The City of Lebanon, Ohio has become the 29th city in the nation and the first city in Ohio to pass an enforceable ordinance outlawing abortion within its city limits. The vote of the Lebanon City Council was a unanimous 6-0. The only council member in opposition to the measure resigned from her position just hours before the vote. The ordinance, which immediately outlaws abortion, also declares the abortion pill contraband in city. The complete city council meeting can be viewed here.
The abortion ban
It all started when Lebanon resident Josh Beckmann shared with Councilman Doug Shope his desire to see Lebanon become a sanctuary city for the unborn. Councilman Shope consulted Lebanon’s city attorney and they looked at the possibility of a zoning ordinance. When that was found to not be the best course of action, Shope reached out to Mark Harrington with the pro-life organization Created Equal in Columbus, Ohio for assistance. Created Equal has been advocating for Ohio cities to become Sanctuary Cities for the Unborn. Created Equal connected Shope with Right To Life of East Texas which had been responsible for the drafting of all of the city ordinances outlawing abortion in Texas and Nebraska. While several cities throughout the U.S. have passed resolutions declaring themselves to be “sanctuary cities for the unborn,” the city leadership of Lebanon recognized, along with 26 cities in Texas and two cities in Nebraska, that resolutions do nothing to protect the health and welfare of the residents of their city from the aggressive pro-abortion agenda of the Biden-Harris administration.
After listening to over three hours of public testimony on Tuesday, Councilman Adam Matthews was clear on where he stood on the controversial issue: “This is what I’ve learned, yes from my Church, but also from helping those at the precipice of life. From holding healthy babies to sitting with peoples mourning miscarriages, to making faces at a child whose mother reversed the abortion pill after the first dose. Human life must be respected and protected absolutely from the moment of conception.”
Matthews continued, “From the first moment of his existence, a human being must be recognized as having the rights of a person – among which is the inviolable right of every innocent being to life. […] The moment a positive law deprives a category of human beings of the protection which civil legislation ought to accord them, the state is denying the equality of all before the law. When the state does not place its power at the service of the rights of each citizen, and in particular of the more vulnerable, the very foundations of a state based on law are undermined. As a consequence of the respect and protection which must be ensured for the unborn child from the moment of conception, the law must provide appropriate penal sanctions for every deliberate violation of the child’s rights.”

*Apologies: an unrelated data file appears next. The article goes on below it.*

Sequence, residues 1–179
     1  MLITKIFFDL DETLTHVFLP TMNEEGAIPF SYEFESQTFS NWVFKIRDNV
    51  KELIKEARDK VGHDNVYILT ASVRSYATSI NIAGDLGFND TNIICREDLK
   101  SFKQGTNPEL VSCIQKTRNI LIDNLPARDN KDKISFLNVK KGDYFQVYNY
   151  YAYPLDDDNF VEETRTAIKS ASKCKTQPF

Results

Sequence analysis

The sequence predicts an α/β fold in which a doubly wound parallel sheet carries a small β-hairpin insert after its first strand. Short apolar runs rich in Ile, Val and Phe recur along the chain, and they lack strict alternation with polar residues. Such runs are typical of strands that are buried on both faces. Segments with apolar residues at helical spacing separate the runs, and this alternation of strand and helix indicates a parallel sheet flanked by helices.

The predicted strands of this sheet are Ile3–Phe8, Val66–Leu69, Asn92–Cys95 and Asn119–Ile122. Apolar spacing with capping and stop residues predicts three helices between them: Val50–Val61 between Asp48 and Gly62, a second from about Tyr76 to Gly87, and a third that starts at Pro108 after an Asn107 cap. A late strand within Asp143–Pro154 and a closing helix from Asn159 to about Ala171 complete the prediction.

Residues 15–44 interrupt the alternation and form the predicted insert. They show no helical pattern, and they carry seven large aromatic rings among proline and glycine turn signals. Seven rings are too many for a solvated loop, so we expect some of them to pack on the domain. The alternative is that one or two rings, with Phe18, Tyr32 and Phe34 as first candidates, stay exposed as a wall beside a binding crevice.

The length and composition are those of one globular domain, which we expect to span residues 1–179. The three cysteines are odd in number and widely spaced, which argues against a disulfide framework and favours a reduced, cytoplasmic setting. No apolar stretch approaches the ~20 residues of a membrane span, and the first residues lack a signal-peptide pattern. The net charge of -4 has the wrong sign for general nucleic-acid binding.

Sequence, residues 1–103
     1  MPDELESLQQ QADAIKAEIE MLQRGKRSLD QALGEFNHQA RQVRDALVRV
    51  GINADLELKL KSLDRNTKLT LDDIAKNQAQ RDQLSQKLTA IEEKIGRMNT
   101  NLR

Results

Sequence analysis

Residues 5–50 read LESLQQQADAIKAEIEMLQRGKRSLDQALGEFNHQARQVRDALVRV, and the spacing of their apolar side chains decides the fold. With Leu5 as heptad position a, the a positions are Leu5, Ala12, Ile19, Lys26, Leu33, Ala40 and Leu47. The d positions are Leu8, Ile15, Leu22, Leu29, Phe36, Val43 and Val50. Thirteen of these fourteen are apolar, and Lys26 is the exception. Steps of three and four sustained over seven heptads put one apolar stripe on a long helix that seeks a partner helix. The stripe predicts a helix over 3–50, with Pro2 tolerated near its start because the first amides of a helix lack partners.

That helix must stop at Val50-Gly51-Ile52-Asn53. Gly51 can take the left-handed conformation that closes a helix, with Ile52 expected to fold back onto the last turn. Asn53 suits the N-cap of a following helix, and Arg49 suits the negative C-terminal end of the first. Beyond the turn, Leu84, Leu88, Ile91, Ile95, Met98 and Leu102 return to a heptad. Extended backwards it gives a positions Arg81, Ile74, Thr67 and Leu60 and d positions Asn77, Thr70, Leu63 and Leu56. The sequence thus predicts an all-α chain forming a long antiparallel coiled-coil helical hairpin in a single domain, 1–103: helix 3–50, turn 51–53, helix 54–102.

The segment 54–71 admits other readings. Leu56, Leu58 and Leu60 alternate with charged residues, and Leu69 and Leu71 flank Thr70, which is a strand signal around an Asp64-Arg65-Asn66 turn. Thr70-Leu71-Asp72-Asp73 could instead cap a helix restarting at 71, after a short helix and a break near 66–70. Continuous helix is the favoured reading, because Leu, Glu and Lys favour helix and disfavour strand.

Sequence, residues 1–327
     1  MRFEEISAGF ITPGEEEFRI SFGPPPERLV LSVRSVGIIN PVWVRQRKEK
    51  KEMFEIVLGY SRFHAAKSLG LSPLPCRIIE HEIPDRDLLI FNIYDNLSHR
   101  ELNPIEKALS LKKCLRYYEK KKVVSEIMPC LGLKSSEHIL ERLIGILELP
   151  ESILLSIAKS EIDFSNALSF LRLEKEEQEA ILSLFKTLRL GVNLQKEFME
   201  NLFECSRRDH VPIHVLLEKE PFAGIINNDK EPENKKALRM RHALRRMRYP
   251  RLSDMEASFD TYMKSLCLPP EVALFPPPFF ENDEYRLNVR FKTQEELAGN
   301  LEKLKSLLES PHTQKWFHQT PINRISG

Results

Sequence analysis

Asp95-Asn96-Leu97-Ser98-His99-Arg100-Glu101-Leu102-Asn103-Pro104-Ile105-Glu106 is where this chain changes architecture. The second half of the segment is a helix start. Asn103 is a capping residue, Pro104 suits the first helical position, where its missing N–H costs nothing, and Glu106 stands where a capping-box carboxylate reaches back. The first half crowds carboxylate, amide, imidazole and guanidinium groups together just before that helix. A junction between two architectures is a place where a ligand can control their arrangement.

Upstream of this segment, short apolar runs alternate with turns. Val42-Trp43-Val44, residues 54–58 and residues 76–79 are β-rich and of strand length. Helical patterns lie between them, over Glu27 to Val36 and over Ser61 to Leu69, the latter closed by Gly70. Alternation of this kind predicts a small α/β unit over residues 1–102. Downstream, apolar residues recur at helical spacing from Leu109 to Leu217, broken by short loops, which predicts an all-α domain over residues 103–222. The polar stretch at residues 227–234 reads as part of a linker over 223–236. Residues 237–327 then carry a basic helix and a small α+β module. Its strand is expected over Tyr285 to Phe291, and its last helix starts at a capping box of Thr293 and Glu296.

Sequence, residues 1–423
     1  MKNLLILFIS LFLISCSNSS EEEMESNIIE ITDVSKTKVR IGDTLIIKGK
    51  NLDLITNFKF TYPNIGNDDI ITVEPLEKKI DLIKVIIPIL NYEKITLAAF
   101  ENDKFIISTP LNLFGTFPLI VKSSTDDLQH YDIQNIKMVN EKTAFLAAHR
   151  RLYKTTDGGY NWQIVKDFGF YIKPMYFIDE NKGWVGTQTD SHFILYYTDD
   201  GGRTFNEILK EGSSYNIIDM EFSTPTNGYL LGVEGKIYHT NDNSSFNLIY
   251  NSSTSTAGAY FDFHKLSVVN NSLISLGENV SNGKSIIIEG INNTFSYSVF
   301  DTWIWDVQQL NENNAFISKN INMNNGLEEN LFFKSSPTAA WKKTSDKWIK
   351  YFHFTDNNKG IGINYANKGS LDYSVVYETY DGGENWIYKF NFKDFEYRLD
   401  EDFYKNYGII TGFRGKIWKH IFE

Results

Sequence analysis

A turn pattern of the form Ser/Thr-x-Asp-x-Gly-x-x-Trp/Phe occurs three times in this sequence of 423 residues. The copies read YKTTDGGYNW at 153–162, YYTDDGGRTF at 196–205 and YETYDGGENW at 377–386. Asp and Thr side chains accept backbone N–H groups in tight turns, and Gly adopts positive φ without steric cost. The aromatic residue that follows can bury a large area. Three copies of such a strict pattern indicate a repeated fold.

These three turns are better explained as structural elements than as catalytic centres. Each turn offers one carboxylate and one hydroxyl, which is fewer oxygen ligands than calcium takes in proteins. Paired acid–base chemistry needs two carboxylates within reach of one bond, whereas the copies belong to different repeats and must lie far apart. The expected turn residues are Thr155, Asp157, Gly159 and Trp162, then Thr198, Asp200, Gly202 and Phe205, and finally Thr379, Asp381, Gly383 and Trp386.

Shope, Councilwoman Wendy Monroe, Vice Mayor Mark Messer, and Councilman Joe Shaefer also expressed their support or asked questions regarding the ordinance, which each one of them had sponsored. Mayor Amy Brewer emphasized that the same abortion access which citizens of Lebanon had today they would have tomorrow and that this measure is about keeping something out which did not belong in there.
“We are clearly saying in our community we do not think it is in our best interest to open a clinic or a hospital that does abortions,” said Brewer. “We are elected to make decisions based on what’s good for our community today.” The votes cast by the Lebanon City Council were solid: six for outlawing abortion with zero against.
The ordinance, which immediately went into effect, states, “It shall be unlawful for any person to procure or perform an abortion of any type and at any stage of pregnancy in the city of Lebanon, Ohio” and “It shall be unlawful for any person to knowingly aid or abet an abortion that occurs in the city of Lebanon, Ohio”